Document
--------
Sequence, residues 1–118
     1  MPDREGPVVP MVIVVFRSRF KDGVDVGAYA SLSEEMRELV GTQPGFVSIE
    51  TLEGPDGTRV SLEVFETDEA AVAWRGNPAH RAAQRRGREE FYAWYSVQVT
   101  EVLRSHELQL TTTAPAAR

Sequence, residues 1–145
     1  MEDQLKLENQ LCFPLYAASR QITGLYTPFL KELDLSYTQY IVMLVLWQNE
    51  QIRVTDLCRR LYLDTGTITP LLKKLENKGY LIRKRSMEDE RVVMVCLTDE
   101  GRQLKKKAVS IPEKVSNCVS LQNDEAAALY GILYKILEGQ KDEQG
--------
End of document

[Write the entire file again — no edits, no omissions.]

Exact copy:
Sequence, residues 1–118
     1  MPDREGPVVP MVIVVFRSRF KDGVDVGAYA SLSEEMRELV GTQPGFVSIE
    51  TLEGPDGTRV SLEVFETDEA AVAWRGNPAH RAAQRRGREE FYAWYSVQVT
   101  EVLRSHELQL TTTAPAAR

Sequence, residues 1–145
     1  MEDQLKLENQ LCFPLYAASR QITGLYTPFL KELDLSYTQY IVMLVLWQNE
    51  QIRVTDLCRR LYLDTGTITP LLKKLENKGY LIRKRSMEDE RVVMVCLTDE
   101  GRQLKKKAVS IPEKVSNCVS LQNDEAAALY GILYKILEGQ KDEQG